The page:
President Reagan illuminated the red, white and blue lights of the National Christmas Tree at the Ellipse yesterday, opening the 1981 Christmas Pageant of Peace by pushing a remote button in the East Room of the White House while surrounded by grinning children.
Reagan's decision to stay inside marked the first time in several years that a president has not joined the crowd which traditionally gathers around the large Christmas tree outdoors to celebrate.
White House officials said Reagan remained indoors for security reasons, a decision made, in part, because of worries about the possibility of Libyan hit squads.
This is the third time international turmoil has been an uninvited guest at the lighting ceremony which began in 1923 and later became a symbol of America's stated commitment to peace on earth. In 1979 and 1980, only the top ornament on the tree was lighted before Christmas Day because of the Americans being held hostage in Iran.
In his three-minute televised address to the nation, which crackled over loud-speakers at the Ellipse, Reagan only briefly alluded to national and international problems. Instead, he spoke about traditions surrounding the tree lighting, children (including his own grandchild) and how world peace could be achieved if people only treated each other as they would like others to treat them.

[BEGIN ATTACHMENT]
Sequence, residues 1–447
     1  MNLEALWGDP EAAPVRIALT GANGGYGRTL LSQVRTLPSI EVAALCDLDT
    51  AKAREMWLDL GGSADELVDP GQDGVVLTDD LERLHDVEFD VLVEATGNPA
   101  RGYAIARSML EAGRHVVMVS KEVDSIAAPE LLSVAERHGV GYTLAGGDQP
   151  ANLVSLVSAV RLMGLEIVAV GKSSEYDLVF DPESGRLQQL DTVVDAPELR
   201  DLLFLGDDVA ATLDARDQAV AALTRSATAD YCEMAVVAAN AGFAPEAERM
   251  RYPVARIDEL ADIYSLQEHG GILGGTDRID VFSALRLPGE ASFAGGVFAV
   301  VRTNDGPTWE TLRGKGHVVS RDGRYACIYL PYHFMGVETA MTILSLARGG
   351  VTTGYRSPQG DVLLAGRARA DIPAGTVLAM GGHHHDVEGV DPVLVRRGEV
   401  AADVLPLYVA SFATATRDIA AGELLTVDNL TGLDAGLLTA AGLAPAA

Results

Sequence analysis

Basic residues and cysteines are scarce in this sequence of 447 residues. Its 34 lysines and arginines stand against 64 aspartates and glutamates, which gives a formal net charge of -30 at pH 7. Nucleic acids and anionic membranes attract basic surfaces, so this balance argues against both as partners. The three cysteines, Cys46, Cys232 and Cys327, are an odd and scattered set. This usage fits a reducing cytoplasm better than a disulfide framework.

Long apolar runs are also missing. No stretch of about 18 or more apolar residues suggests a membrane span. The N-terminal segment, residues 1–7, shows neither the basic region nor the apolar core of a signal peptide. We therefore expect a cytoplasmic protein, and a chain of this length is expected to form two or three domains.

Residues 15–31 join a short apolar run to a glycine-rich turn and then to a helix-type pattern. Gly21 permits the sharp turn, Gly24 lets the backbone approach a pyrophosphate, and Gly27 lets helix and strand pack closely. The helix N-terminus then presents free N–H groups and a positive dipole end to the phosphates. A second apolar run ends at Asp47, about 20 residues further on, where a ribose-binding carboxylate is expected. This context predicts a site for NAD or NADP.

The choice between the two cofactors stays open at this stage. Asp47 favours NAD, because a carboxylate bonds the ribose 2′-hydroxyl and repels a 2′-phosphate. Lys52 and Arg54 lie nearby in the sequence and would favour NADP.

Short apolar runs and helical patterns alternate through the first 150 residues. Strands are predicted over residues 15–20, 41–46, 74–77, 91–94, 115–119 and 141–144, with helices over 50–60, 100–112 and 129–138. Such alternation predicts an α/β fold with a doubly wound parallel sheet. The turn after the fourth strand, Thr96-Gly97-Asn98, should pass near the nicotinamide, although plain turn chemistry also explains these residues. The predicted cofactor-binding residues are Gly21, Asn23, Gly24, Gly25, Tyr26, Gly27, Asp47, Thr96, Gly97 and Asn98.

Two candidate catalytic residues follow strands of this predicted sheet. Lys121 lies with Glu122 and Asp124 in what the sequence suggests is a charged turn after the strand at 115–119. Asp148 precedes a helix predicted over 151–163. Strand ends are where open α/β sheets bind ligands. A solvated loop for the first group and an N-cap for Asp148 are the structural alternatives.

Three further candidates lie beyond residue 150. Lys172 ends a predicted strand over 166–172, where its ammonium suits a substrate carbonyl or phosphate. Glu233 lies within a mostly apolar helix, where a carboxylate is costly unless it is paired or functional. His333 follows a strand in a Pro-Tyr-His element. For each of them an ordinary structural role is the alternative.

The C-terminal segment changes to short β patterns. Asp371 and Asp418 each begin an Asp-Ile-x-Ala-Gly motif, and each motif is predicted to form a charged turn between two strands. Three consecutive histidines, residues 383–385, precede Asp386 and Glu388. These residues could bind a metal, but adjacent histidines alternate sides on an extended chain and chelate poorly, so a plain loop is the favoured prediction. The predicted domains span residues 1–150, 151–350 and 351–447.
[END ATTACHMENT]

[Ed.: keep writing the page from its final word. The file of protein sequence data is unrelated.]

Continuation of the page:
The crowd of several thousands surrounding the 32-foot living blue spruce national tree did not seem too disappointed that the president and first lady were indoors. "I don't blame him for staying inside," said Patrick O'Connor of Falls Church. "I'm disappointed the world is the way it is, not because he isn't out here."
At one point during the ceremony several supporters of the Equal Rights Amendment waved banners. Other protesters included a city employe, Joann Wheeler, who said Reagan's budget cuts were turning Christmas into a nightmare for the poor.
Three-year-old John Austin Turner, perched with his teddy bear upon his father's shoulders, couldn't have cared less, however, about Reagan's not attending or about the protesters. The small boy pointed toward the jolly red-suited man on stage and clapped his hands throughout the ceremony. As long as Santa was there, explained his father, Alvin Turner of Seat Pleasant, it would be a memorable tree lighting.